eid festival 248 ap.
(photo credit: AP)
In honor of Eid al-Adha, Festival of the Sacrifice, President Shimon Peres is scheduled this morning to visit the mainly Muslim city of Sakhnin in Galilee. Also in honor of the Eid, West Bank Palestinian Arabs with close relatives in Israel will be permitted to enter the Jewish state; and Arab citizens of Israel may travel to the Palestinian Authority.
Moreover, some 230 Palestinian inmates in Israeli prisons will gain an early release and be handed over to Mahmoud Abbas when he returns from the haj pilgrimage.
While 4,000 West Bank Palestinians went on the haj, infighting between the Palestinian Authority and Hamas resulted in none making the pilgrimage from Gaza.
For the world's estimated 1.4 billion Muslims, yesterday marked the culmination of the haj and beginning of the four-day Eid festival. The holiday commemorates the biblical story of Abraham's sacrifice of his son. In Muslim tradition, the son who is saved at the last minute is not Isaac, but Ishmael.
This year, some 3 million faithful journeyed to Saudi Arabia, seeking forgiveness and spirituality as they proceeded through various stages of the haj around Mecca. Eventually, they circle the Kaaba, a cube-like structure in the courtyard of the great Haram mosque. It is the holiest shrine of Islam. During prayer, Muslims the world over face the Kaaba, which the Koran teaches was originally linked with Adam and rebuilt by Abraham and Ishmael.
It is important to distinguish Islam - the religion and civilization - from the threat posed by its extremist adherents, the Islamists, who are at war with the West and our values of liberty, tolerance and individual freedom. Without deluding ourselves about the extent to which the Islamists have penetrated the Muslim world, it is nevertheless important to acknowledge non-Islamist Muslim figures who seek a modus vivendi with the rest of us.
Which is why we were pleased that in his annual Mount Arafat sermon on Sunday, the Grand Mufti of Saudi Arabia, Abdul-Aziz al-Sheikh, declared: "The world must criminalize terrorism... we must be cautious of terrorism and fight hostile criminal gangs that destroy countries and people."
The Saudi grand mufti urged the faithful to show "the bright face of Islam" and spread "forgiveness, peace and love." He also advocated Shari'a law - but what matters most to us is that he urged the faithful to abjure bloodshed.
OFTEN, we in Israel lose sight of that "bright face of Islam." That's understandable, considering that Muslim fanatics control the nearby Gaza Strip, with wide popular support. A hundred mortar shells and rockets have been fired from Gaza into Israel in the past week alone.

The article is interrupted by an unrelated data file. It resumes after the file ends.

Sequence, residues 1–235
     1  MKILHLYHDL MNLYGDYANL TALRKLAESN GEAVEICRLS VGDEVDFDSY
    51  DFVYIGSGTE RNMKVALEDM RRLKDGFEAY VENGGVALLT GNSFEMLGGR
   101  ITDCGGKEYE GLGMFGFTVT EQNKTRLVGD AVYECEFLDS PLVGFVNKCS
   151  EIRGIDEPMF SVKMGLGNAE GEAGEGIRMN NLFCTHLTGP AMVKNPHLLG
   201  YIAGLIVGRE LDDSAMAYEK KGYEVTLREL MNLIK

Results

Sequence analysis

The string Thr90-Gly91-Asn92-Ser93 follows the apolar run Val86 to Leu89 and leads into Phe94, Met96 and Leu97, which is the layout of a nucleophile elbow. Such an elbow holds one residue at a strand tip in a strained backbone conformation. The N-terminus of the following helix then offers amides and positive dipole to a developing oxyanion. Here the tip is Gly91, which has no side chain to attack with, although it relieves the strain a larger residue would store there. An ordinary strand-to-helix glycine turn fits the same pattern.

Hamas has been relentless in trying to plant improvised explosive devices (IEDs) near the border fence. Indeed, the current round of fighting began on November 4, when the IDF preempted Hamas from abducting Israeli soldiers there.
Hamas says the tenets of Islamic "resistance" prohibit Palestinians from ever living in peace with Israel. Yet when Hamas isn't shooting at us, Israeli authorities, in the context of a limited embargo, allow fuel, food, humanitarian supplies and even Israeli currency to flow into the Strip.
Nor does the "bright face of Islam" radiate from Sheikh Mohamed Sayed Tantawi of Cairo's Al-Azhar University. He's found it necessary to deny that he purposefully shook hands, on November 12, with our president while both were attending an interfaith conference in New York under Saudi Arabian sponsorship.
"Many people walked up to shake my hand, among them Peres. I didn't know him. It was a random handshake." Those who suggest otherwise, the sheikh insisted, are liars and "the sons of 60 dogs."
Islam is mostly at war within itself. And nowhere is this better illustrated than in Pakistan, where a moderate government is contending with a Taliban supported by Islamist elements within the regime's own intelligence agency. Closer to our neck of the woods, we see a similar scenario playing out between relative Fatah moderates and Hamas fundamentalists.
Only Muslims can chart the direction in which they want to take their society. Some, like the grand mufti of Saudi Arabia, seem to appreciate that a theology which celebrates brutality will ultimately consume its own.